Spider and Fly: The Leninist Philosophy of Georg Lukács

Spider and Fly: The Leninist Philosophy of Georg Lukács

Paul Le Blanc

Language: English

Pages: 29

ISBN: 2:00195921

Format: PDF / Kindle (mobi) / ePub


From 1919 to 1929, the great Hungarian Marxist philosopher Georg Lukács was one of the leaders of the Hungarian Communist Party, immersed not simply in theorising but also in significant practical-political work. Along with labour leader Jenö Landler, he led a faction opposing an ultra-left sectarian orientation represented by Béla Kun (at that time also associated with Comintern chairman Zinoviev, later aligning himself with Stalin). If seen in connection with this factional struggle, key works of Lukács in this period – History and Class Consciousness (1923), Lenin: A Study in the Unity of His Thought (1924), Tailism and the Dialectic (1926) and ‘The Blum Theses’ (1929) – can be seen as forming a consistent, coherent, sophisticated variant of Leninism. Influential readings of these works interpret them as being ultra-leftist or proto-Stalinist (or, in the case of ‘The Blum Theses’, an anticipation of the Popular Front perspectives adopted by the Communist International in 1935). Such readings distort the reality. Lukács’s orientation and outlook of 1923–9 are, rather, more consistent with the orientation advanced by Lenin and Trotsky in the Third and Fourth Congresses of the Communist International. After his decisive political defeat, Lukács concluded that it was necessary to renounce his distinctive political orientation, and completely abandon the terrain of practical revolutionary politics, if he hoped to remain inside the Communist movement. This he did, adapting to Stalinism and shifting his efforts to literary criticism and philosophy. But the theorisations connected to his revolutionary politics of the 1920s continue to have relevance for revolutionary activists of the twenty-first century.

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force. In Tailism and the Dialectic there is no discussion of the internal structure and functioning of this vitally important organisation. In other works from this period, Lukács offers only very general and sometimes ambiguous formulations. There is reference to party leaders and party members, the need for centralisation and discipline, and also the necessity of self-criticism. We have noted that Lukács, in his book on Lenin, indicates the need for members to engage in ‘a process of fruitful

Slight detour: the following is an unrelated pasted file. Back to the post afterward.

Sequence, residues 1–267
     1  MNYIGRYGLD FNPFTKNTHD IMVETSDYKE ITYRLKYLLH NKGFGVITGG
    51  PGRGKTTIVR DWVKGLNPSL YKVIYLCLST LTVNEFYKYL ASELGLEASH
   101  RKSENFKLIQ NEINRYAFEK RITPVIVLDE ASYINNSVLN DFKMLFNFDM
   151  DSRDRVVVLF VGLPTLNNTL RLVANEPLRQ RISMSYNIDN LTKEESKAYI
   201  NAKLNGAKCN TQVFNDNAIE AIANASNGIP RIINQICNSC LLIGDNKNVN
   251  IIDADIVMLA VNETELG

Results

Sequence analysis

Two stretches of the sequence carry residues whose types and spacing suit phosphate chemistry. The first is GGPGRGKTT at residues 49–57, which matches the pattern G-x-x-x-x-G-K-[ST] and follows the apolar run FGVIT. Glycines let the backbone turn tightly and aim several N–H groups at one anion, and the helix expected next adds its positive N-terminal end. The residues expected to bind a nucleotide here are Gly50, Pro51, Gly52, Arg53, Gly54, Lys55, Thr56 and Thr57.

1920s writings of Georg Lukács – from the charge that it finds its realisation in Stalinist totalitarianism. To be true to itself, it would have to push 50. This is discussed and documented in a number of works, including: Le Blanc 1993; Rabinowitch 1976; Cohen 1975; Trotsky 1970; Souvarine 1939; Mandel 1978; Medvedev 1989. 51. Carr 1982, pp. vii, 427. 72 P. Le Blanc / Historical Materialism 21.2 (2013) 47–75 beyond the deadly limitations of Stalinism, and also beyond Lukács’s post-1929

1920s writings of Georg Lukács – from the charge that it finds its realisation in Stalinist totalitarianism. To be true to itself, it would have to push 50. This is discussed and documented in a number of works, including: Le Blanc 1993; Rabinowitch 1976; Cohen 1975; Trotsky 1970; Souvarine 1939; Mandel 1978; Medvedev 1989. 51. Carr 1982, pp. vii, 427. 72 P. Le Blanc / Historical Materialism 21.2 (2013) 47–75 beyond the deadly limitations of Stalinism, and also beyond Lukács’s post-1929

seriously distorts the reality of both the Landler faction and the ‘Blum Theses’. The Seventh Congress of the Communist International of 1935 marked, as E.H. Carr commented, ‘the twilight of the Comintern’.20 The organisation lingered on until 1943, but it never had another congress after this one. The original purpose of the Comintern had been to organise and mobilise men and women throughout the world for the purpose of bringing about revolutions in various countries of workers and the

direction. A consequence might involve an underestimation of the revolutionary potential of the working class, and might cause such ‘vulgar Marxists’ to tail-end behind so-called ‘objective conditions’. In addition to Kun and Zinoviev, full-scale attacks were launched by a Marxist philosopher in the Soviet Union named Abram Deborin, and by Lazslo Rudas, who had become Kun’s ideological hatchet-man in the Hungarian party. They accused Lukács of ‘subjectivism’ and of a philosophical ‘idealism’ that

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